One example of the correspondence between signals (R0 G0 B0) and (R'G'B') when the reference color (L*0 a*0 b*0) and the adjusted color ((L*'a*'b*') are converted into R, G, and B as discussed above is given below.

(R0 G0 B0)→(R' G' B')

Y: (255 250 10)→(255 250 10)

M: (200 10 90)→(Rm ' Gm ' Bm ')

C: (10 95 200)→(10 95 200)                          (5)

R: (160 20 10)→(Rr ' Gr ' Br ')

G: (20 100 20)→(Rg ' Gg ' Bg ')

B: (15 10 100)→(15 10 100)

The above correspondence is an example when the adjustment discussed earlier is performed, i.e., when the adjustment is performed to "(1) increase the brightness and vividness of red without changing its hue, (2) increase the saturation of magenta without changing its hue and lightness, and (3) shift the hue of green toward blue without changing its lightness and saturation".

An example of the adjustment for the terms of R in this case will be described below.

When an operator wishes to "increase the brightness and vividness of red without changing its hue", he or she selects the "crosshatched" keys on the operation unit illustrated in FIG. 2. In accordance with the keys selected on the operation unit, the matrix coefficient generation unit 204b sets (Rr'Gr'Br'), which corresponds to adjustment amounts related to the adjustment amounts for the terms of R and is obtained by increasing the value of R without changing the ratio of (R0 G0 B0), as (R'G'B'). Likewise, the matrix coefficient generation unit 204b sets (Rm'Gm'Bm') and (Rg'Gg'Bg'), as (R'G'B'), for the terms of M and G, respectively, and also sets (R0 G0 B0)=(R'G'B') for (Y, C, and B) other than R, M, and G.

Substituting the above relationship between (R0 G0 B0) and (R'G'B') for (RGB) and (R'G'B') in equations (1) and (2) yields 18 simultaneous linear equations. Since the number of aij 's as unknowns is also 18, these equations can be solved uniquely. Consequently, the matrix coefficient generation unit 204b determines and transfers the matrix conversion coefficients to the color conversion unit 204a.

In the first embodiment as described above, the operation unit 211 is so designed as to be able to designate adjustment in a uniform color space, and this adjustment is realized by performing matrix conversion for R, G, and B signals. This makes it possible to effectuate fine color adjustment with a simple hardware arrangement. Additionally, the six primary colors, i.e., Y, M, C, R, G, and B, can be effectively adjusted independently of each other.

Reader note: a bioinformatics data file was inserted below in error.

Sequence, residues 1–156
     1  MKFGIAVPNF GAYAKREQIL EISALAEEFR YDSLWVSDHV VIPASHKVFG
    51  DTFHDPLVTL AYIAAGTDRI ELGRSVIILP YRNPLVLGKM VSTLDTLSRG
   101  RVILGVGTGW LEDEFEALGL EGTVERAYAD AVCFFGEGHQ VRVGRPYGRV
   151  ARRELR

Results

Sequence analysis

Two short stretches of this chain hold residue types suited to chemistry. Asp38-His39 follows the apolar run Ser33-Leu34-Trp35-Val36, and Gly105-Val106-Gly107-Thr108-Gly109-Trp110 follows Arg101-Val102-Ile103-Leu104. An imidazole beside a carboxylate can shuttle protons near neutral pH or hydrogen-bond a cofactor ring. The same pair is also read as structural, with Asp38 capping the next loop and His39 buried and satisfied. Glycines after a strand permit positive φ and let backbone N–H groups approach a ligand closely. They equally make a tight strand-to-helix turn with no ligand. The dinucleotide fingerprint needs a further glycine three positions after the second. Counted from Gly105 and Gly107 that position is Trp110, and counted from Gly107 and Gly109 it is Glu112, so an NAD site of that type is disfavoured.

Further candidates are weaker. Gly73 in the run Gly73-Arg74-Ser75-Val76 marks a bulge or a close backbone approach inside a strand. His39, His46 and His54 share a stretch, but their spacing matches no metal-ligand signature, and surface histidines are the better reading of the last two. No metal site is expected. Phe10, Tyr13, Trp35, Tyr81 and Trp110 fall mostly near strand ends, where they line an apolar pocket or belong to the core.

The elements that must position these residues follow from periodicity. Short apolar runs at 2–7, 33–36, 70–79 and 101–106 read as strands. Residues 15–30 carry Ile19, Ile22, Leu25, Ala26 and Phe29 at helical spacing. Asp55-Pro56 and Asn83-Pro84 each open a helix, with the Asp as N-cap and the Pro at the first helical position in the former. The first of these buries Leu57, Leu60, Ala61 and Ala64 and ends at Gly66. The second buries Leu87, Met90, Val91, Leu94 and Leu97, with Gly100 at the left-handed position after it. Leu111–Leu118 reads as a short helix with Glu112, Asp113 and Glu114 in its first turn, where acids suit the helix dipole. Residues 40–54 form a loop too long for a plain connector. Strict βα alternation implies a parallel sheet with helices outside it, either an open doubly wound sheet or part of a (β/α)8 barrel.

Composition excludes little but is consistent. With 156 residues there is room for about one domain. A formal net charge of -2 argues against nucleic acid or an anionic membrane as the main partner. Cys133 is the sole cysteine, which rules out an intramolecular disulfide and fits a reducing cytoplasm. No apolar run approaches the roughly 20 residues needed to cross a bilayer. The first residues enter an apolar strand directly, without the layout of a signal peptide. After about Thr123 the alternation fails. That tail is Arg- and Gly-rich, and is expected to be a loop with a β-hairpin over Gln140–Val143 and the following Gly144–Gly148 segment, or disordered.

In the above first embodiment, CIE-L*a*b* is used as the uniform color space. However, a similar effect can be obtained by using another uniform color space. Possible examples are CIE-L*u*v*, a Mansell notation system, and a DIN calorimetric system. When any of these systems is to be used, it is only necessary to use an equation or correspondence table for the conversion from the system into R, G, and B signals, in place of equations (3) and (4).

Second Embodiment

The second embodiment of the present invention will be described below with reference to the accompanying drawings, in which it is possible to simultaneously perform surface level correction, color space compression, and dark level correction for a color hard copy by using matrix conversion.

FIG. 6 is a block diagram showing the arrangement of the second embodiment according to the present invention. Referring to FIG. 6, a color image input unit 101 comprises, e.g., an image signal input unit for receiving image signals from a reader unit of a color copying machine or from an external image input apparatus. The color image input unit 101 outputs R, G, and B color image color-separated signals.

The R, G, and B signals from the color image input unit 101 are first applied to a surface level detection circuit 102. The surface level detection circuit 102 performs detection in accordance with a detection method using a histogram. This circuit includes, as detection elements, a means for detecting gray highlight, and a means for determining that this gray-highlight signal occupies a predetermined area or more in order to check whether the signal indicates the surface or a portion of an image.

The surface level detected by the surface level detection circuit 102 is output as R, G, and B signals Rw Gw Bw =(RGB)w.

The R, G, and B color image original signals are also input to a color distribution detection circuit 103. The color distribution detection circuit 103 detects, as the color distribution of the color image, a color signal with the highest saturation, i.e., the outermost color, from color signals of the color image original which fall outside the color reproduction range of the color image output unit. This detection is performed for each of the primary colors (R, G, B, C, M, and Y). The color distribution detected by the circuit 103 is output in the form of

(RGB)R (RGB)G (RGB)B (RGB)C (RGB)M (RGB)Y =(RGB)l

where l=1 to 6 for the primary colors.

Note that the color distribution detected by the color distribution detection circuit 103 is not limited to that detected for the six primary colors as mentioned above but may be detected for the combination of other colors as objects to be detected. For example, the color distribution can be detected for three colors as R, G, and B or for seven colors including another color, such as orange, as an object to be detected, in addition to the six primary colors.